There are several definitions to partnership working. According to Jo Tunnard, former associate director of Child Poverty Action Group, the essence of partnership is sharing. Each partner is seen as having something to contribute, decisions are made jointly, and roles are not only respected but are also backed by legal and moral rights. Meanwhile, Blackburn Anglican, a Lancashire church with a vision of changing communities through partnership working, says partnerships can be formed between individuals, agencies or organisations with a shared interest. There is usually an overarching purpose for partners to work together [4] .

Partnership working between the NHS, voluntary sector and social services is essential to provide mental health service users with a wide range of effective services to promote their recovery. Despite this, there is a lack of research-based evidence to demonstrate the effectiveness of partnership working in the provision of integrated mental health services [6] .

1.4. Policy Context

Delivering health and social care services by working in partnership with statutory agencies has been a political priority for over two decades. The government’s commitment to support the voluntary sector’s role in delivering public services is demonstrated in the various policy documents, such as Developing Partnerships in Mental Health Green Paper 1997, which details the role of the voluntary sector in partnership with community mental health teams (CMHTs) in providing housing and employment services. The National Compact sets out a framework to improve partnership working between government and the voluntary sector. The Compact was renewed in 2010 between the UK government and third sector organizations [9] . Making Partnership Work for Patients, Carers and Service Users (2004) is a strategic agreement between the Department of Health, the NGOs and the Voluntary and Community Sector to develop innovative ways of partnership working [10] . Finally, the 2002 Cross-Cutting Review explored the ways central and local government could work in partnership with the voluntary sector to deliver high-quality services as well as identifying barriers preventing the involvement of the voluntary sector. This review led to increased public expenditure through the Future builders and Change Up initiatives [11] .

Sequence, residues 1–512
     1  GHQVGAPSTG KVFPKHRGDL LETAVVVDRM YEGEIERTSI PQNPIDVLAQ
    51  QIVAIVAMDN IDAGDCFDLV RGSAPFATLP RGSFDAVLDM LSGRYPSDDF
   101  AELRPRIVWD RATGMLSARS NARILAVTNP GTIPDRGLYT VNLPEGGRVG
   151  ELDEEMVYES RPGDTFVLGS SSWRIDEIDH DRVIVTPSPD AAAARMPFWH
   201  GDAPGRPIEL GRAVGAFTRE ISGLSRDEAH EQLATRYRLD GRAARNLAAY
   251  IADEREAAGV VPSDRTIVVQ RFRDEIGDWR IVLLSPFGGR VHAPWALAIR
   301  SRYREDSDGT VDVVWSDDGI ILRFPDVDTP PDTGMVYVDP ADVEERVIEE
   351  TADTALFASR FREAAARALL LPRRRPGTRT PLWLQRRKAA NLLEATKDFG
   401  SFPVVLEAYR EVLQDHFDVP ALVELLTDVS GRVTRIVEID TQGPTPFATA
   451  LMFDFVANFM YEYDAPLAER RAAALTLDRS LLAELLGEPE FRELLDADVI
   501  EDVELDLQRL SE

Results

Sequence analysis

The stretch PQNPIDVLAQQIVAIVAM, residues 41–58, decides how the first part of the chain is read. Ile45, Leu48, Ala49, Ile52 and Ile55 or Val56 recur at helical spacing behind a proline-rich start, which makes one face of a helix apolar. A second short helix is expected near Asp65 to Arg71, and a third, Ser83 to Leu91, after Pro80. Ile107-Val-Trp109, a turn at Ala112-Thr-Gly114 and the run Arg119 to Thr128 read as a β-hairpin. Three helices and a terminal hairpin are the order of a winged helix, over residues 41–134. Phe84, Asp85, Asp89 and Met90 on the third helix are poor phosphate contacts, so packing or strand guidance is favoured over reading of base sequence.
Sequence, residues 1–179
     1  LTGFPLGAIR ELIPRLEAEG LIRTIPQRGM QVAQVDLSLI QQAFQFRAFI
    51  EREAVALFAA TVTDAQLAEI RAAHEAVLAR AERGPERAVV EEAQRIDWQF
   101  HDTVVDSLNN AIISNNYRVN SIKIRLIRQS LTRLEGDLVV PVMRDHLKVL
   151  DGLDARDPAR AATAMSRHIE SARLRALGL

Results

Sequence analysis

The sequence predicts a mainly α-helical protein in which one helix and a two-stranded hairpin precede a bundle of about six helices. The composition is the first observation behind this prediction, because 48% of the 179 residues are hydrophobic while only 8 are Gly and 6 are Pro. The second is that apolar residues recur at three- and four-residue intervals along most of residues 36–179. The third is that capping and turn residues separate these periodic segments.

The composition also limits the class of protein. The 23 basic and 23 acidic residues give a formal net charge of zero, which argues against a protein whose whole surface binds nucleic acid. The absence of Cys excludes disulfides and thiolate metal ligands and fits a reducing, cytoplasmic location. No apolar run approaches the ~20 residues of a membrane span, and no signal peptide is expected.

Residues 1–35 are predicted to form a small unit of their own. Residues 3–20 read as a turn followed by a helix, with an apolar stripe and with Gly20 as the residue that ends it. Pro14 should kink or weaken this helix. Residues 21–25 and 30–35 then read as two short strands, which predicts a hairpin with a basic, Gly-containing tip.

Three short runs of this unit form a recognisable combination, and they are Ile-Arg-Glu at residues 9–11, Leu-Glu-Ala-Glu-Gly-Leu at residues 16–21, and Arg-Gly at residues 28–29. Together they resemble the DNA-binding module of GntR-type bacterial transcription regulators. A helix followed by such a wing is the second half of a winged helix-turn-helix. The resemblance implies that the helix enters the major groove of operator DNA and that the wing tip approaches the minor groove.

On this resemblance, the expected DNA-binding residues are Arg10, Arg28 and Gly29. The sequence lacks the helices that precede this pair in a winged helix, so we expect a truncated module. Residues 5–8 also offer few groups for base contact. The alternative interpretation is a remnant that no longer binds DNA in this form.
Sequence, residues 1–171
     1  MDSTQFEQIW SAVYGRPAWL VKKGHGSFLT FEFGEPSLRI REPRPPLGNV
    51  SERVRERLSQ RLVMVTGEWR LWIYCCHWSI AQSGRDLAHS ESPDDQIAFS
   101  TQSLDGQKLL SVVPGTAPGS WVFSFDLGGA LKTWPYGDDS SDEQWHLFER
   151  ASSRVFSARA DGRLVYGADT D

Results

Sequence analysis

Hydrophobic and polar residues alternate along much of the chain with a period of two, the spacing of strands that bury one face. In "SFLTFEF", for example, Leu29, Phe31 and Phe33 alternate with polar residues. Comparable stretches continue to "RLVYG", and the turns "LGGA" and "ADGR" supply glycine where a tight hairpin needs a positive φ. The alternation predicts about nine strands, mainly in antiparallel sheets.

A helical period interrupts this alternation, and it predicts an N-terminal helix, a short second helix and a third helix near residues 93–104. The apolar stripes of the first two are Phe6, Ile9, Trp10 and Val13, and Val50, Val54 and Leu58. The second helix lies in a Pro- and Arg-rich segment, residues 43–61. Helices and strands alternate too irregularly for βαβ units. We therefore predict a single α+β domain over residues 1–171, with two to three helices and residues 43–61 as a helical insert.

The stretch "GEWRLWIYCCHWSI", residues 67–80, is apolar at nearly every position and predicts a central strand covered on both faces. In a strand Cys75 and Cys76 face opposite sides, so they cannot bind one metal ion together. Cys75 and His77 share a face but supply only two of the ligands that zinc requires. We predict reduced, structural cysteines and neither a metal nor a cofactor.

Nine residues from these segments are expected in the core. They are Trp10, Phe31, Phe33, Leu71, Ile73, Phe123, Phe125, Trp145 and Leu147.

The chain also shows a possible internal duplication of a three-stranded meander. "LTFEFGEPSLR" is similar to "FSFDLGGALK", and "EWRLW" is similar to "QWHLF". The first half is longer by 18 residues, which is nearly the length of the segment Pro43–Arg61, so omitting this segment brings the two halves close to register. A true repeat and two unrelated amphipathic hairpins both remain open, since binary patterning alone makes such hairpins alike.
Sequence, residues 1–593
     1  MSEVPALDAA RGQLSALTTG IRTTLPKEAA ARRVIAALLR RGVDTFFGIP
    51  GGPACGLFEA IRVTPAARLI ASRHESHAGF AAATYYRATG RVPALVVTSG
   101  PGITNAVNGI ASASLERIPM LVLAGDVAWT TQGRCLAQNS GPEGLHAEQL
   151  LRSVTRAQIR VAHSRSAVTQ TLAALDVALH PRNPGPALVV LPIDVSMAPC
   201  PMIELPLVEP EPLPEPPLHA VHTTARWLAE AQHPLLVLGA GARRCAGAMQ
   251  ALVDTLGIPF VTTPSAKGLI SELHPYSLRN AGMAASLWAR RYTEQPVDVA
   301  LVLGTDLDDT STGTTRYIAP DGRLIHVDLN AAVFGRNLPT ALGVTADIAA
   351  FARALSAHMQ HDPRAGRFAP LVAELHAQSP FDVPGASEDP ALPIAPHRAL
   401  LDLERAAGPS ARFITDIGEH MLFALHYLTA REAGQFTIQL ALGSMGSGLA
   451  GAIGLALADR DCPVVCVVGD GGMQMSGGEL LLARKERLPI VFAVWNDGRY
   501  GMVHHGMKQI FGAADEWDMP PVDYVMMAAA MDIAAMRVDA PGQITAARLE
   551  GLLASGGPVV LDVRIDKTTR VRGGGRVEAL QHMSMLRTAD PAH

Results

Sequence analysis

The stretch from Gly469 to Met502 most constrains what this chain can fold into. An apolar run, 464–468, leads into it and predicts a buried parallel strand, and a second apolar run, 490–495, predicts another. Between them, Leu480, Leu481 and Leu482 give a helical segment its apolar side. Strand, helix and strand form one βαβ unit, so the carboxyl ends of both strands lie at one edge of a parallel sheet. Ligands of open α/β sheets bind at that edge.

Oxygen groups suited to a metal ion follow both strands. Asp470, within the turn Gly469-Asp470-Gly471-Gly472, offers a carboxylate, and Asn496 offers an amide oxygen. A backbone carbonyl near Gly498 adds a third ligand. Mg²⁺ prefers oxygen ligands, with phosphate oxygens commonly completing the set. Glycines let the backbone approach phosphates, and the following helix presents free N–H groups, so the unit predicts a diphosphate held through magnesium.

2. Main Body

The aims and objectives of this research are to explore the frequency and severity of mental illness in minority ethnic groups in the Royal Borough of Greenwich. It also aims to: examine the impact of partnership working on adult mental health services in the Royal Borough of Greenwich; identify the number of possible barriers preventing the implementation of partnership working within the borough; and recommend possible solutions to improve partnership working within the adult mental health services in the borough.

This research broadly investigates the following:

1) What are the perceptions of mental health in minority groups with regard to partnership working?

2) What are the potentiating factors in partnership working with regard to the mental health of minority groups?

This study hypothesises that mental illness is more common among people from minority ethnic groups. It also hypothesises that the legally required partnership working is known to service providers, but not to service users because of its poor implementation.

This study looks at the mental health of ethnic minority groups and partnership working within the adult mental health services in the Royal Borough of Greenwich. Therefore, it must be acknowledged that this was a small-scale, mixed-method study, which should not be used to make generalisations.

2.1. Findings from Interviews

The main themes that emerged from the interviews with gatekeepers are:

1) Perception of the occurrence of mental health problems among minority ethnic groups

2) The most common contributing factors to mental ill health among minority ethnic groups

3) Understanding of partnership working and the improvements needed to make it work better

4) Barriers of partnership working

5) Understanding what improvements are needed to the adult mental health services for minority ethnic groups in the Royal Borough of Greenwich.

2.1.1. Perception of the Occurrence of Mental Health Problems among Minority Ethnic Groups

Most gatekeepers had the same perception, namely that the number of people from minority ethnic backgrounds represented within the mental health services are disproportionately high within the Royal Borough of Greenwich (RBG). It also emerged that people from minority ethnic backgrounds are more often sectioned under the Mental Health Act 1983, 2007 (MHA) and hospitalised than other ethnicities. As one interviewee said: “My perception is that it’s quite high if you compare it to the number of people from ethnic minorities from the borough.”

However, when looking at the secondary data, it shows that the number of people from White British ethnic background is higher than the ethnic minorities.

2.1.2. The Most Common Contributing Factors to Mental Ill Health within Minority Ethnic Groups

It was felt by the interviewed gatekeepers that the most common contributing factors were drug use, poverty, family breakdown, cultural and religious beliefs. One interviewee listed the factors as: “substance misuse as well as people coming into service because of high poverty, lack of social support, lack of employment and because we are serving quite a high number of people with low demographic index”.

2.1.3. Understanding Partnership Working and the Improvements Needed to Make It Work Better